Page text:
In its initial ruling Friday, the panel of the U.S. Court of Appeals for the 9th Circuit ruled 2 to 1 to reinstate a district court judge’s preliminary injunction that stopped MPP, saying that the policy violates federal law and “should be enjoined in its entirety.” The two judges in the majority agreed with immigration advocates who argued that pushing Central Americans back into Mexico could put asylum seekers in grave danger, as they were forced to wait in Mexican cities where they could continue to face persecution, in contravention of the long-held American ideal of offering sanctuary to the oppressed.
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Judges Richard A. Paez and William A. Fletcher, both appointed by President Bill Clinton, agreed with a lower-court judge in California that MPP probably violated federal immigration law by ousting undocumented asylum seekers who should be allowed to apply for protection in the United States. The judges also said the program probably violated the administration’s “non-refoulement” obligations under international and domestic law, which prohibit the government from sending people to countries where they face danger. The 57-page ruling cited asylum seekers who feared kidnapping, threats and violence in Mexico.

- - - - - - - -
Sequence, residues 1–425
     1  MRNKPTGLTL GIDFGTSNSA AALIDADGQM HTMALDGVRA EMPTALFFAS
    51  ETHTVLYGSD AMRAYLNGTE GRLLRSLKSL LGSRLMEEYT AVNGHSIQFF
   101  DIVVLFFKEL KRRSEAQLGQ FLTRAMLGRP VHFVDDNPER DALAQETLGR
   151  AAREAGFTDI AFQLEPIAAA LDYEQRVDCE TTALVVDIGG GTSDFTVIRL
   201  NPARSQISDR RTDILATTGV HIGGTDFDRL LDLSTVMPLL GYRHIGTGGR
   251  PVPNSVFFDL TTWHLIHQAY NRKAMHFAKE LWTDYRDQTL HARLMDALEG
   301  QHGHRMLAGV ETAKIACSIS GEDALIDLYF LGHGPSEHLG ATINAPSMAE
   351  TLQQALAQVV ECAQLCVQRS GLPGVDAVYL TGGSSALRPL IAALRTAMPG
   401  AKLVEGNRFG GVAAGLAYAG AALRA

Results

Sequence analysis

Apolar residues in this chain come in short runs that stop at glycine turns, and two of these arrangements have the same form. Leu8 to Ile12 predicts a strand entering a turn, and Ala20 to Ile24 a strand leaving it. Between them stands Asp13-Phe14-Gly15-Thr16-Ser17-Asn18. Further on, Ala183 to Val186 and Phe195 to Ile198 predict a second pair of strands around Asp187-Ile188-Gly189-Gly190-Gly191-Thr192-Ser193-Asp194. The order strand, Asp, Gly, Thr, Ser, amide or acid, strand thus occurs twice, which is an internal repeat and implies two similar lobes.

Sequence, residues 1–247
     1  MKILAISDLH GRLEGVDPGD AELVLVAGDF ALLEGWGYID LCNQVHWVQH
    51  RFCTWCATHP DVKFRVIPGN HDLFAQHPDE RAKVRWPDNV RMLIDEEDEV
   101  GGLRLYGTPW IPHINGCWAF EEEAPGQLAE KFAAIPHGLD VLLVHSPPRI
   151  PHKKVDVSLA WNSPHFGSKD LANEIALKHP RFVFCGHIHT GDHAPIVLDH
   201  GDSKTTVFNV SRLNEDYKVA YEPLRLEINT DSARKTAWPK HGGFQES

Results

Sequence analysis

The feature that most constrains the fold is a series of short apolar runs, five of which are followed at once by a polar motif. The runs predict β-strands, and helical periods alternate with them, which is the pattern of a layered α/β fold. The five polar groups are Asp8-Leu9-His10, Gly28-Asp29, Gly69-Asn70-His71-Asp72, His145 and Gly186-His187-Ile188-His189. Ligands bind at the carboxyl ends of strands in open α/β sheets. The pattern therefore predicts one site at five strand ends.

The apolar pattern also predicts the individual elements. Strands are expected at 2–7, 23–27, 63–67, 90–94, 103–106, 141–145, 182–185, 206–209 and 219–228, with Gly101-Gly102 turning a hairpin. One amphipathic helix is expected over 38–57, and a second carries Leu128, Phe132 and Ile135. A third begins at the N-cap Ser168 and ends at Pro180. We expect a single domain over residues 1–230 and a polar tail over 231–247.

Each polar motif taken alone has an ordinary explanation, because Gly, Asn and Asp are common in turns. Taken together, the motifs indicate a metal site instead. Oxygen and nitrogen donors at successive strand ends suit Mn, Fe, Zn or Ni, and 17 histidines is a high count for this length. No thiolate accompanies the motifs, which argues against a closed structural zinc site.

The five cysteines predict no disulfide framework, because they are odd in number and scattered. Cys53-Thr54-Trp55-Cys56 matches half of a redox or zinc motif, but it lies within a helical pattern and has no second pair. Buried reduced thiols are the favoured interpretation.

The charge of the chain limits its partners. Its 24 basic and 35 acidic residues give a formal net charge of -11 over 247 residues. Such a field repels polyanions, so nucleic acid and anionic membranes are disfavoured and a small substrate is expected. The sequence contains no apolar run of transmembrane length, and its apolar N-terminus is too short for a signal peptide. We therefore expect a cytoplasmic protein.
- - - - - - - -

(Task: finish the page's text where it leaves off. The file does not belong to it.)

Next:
“There is a significant likelihood that the individual plaintiffs will suffer irreparable harm if the MPP is not enjoined,” Fletcher wrote in the opinion. “Uncontested evidence in the record establishes that non-Mexicans returned to Mexico under the MPP risk substantial harm, even death, while they await adjudication of their applications for asylum.”
Judge Ferdinand F. Fernandez, a President George H.W. Bush appointee, dissented, arguing that the panel should have adhered to a prior appeals court decision that allowed MPP to take effect.
The Trump administration had been declaring near-victory in stemming irregular migration just weeks ago, in part because of MPP’s success, and the 9th Circuit’s decision stops the policy along the southern border.